In construing the wording of section 1304(6), the Court noted that "the only reference to ‘knowledge’ in this provision implicates the carrier. A plain meaning approach would suggest that it is the carrier’s knowledge of the goods’ dangerous nature, not the shipper’s, that conditions shipper liability." The Court acknowledged that such a rule would be inconsistent with the general rule of Section 1304(3) that "a shipper shall not be responsible for loss or damage sustained by the carrier or the ship . . . without the act, fault, or neglect of the shipper." But far from being surprising, reasoned the Second Circuit, this fact merely confirms that the two sections contemplate different kinds of liability:

"Inasmuch as s.1304(3) already provides for liability based on "the act, fault, or neglect of the shipper," s. 1304(6) would appear to be ‘carrying coals to Newcastle’ [namely, redundant] if its purpose were simply to specify that shipper liability in the dangerous-goods context requires knowledge on the shipper’s part of the danger to which it is exposing the ship and other cargo. In sum, the foregoing analysis of the plain meaning of s.1304(6) and its relationship to s.1304(3) strongly suggests that the two provisions have separate and distinct roles to play in COGSA’s allocation of risk between shippers and carriers, and that s. 1304(6) sets forth a rule of strict liability for a shipper of inherently dangerous goods where neither shipper nor carrier had actual or constructive preshipment knowledge of the cargo’s dangerous nature."

The Court noted that this interpretation was directly in line with that reached by the British House of Lords in Effort Shipping Co. v. Linden Mgmt, S.A., [1998] A.C. 6058). In conforming its construction of s.1304(6) to that by the English court of the identically worded provision in the Hague Rules, the Second Circuit noted that it was "furthering another broad purpose of COGSA and the Hague Rules: international uniformity in the law of carriage of goods by sea." In this respect, the Court rejected the shippers’ argument that one of the principal purposes of COGSA had been to codify the pre-existing general maritime law of the United States, upon which the shippers sought to rely in support of their position that pre-shipment knowledge should be a prerequisite to liability. In considering Congress’ intent in enacting COGSA, the Court observed that:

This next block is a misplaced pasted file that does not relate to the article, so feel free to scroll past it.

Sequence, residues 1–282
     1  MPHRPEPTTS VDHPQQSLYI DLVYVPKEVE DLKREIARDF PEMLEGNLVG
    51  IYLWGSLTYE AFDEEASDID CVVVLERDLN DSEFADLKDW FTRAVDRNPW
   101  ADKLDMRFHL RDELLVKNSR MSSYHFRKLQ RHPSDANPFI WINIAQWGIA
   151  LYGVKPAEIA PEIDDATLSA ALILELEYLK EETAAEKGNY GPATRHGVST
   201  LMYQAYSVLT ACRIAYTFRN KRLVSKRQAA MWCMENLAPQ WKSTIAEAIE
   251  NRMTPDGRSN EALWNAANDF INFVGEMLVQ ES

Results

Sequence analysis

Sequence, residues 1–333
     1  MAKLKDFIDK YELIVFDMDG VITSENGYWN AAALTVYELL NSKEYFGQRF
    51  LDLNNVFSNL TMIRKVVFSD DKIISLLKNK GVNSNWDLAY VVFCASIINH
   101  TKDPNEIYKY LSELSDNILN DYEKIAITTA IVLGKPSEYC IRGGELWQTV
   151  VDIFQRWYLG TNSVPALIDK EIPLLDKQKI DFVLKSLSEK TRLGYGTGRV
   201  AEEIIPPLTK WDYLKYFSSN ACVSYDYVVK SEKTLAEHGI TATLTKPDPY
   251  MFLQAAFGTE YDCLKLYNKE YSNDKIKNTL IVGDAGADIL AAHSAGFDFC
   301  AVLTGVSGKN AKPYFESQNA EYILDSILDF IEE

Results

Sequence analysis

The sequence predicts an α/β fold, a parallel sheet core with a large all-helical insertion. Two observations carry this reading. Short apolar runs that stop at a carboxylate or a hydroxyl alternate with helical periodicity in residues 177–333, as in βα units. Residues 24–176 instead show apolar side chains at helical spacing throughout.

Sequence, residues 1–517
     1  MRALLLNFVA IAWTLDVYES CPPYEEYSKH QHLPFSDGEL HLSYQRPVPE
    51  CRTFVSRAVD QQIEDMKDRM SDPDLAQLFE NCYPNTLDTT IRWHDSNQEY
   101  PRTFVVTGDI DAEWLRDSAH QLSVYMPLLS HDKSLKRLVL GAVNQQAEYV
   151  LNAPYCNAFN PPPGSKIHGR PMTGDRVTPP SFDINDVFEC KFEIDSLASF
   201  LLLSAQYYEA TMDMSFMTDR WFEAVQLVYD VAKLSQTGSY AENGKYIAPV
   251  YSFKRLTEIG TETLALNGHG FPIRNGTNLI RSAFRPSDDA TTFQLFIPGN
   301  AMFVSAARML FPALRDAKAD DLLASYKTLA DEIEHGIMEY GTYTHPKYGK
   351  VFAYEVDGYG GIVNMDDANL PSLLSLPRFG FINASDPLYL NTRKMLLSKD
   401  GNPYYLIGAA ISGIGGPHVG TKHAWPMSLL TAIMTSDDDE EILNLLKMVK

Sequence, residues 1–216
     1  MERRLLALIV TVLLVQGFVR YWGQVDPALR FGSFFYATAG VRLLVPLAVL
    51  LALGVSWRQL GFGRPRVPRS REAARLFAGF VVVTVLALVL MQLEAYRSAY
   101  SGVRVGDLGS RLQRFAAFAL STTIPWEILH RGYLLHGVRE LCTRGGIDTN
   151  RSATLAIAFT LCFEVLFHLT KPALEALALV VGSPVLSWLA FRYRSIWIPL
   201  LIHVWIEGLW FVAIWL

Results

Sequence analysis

"COGSA legislators appear to have been more intent on preserving the international consensus embodied in the language of the Hague Rules, and getting carriers and shippers to agree to that language, than on codifying particular rules of general maritime law as expressed in U.S. case law."

In any event, the Court concluded, "the nature of a shipper’s dangerous-goods liability under general maritime law in the United States was not firmly settled in 1936," i.e., at the time of COGSA’s enactment. Thus, COGSA cannot have been intended simply to codify pre-existing law on this point since the decisions at that time were inconsistent. Moreover, the Court held, pre-COGSA decisions which are inconsistent with the provisions of COGSA are pre-empted to the extent a claim is governed by COGSA.

Thus, the Second Circuit reversed the district court’s holding and found that a shipper is strictly liable under COGSA s.1304(6), for damages and expenses arising out of the shipment of inherently dangerous cargo where neither the shipper nor the carrier had actual or constructive pre-shipment knowledge of the inherently dangerous nature of the shipped goods.


This decision is notable not only for its finding of strict liability on the shipper’s part in these circumstances, but also in its acknowledgment that COGSA was originally enacted in the United States primarily for the purpose of obtaining international uniformity in the law governing the carriage of goods by sea.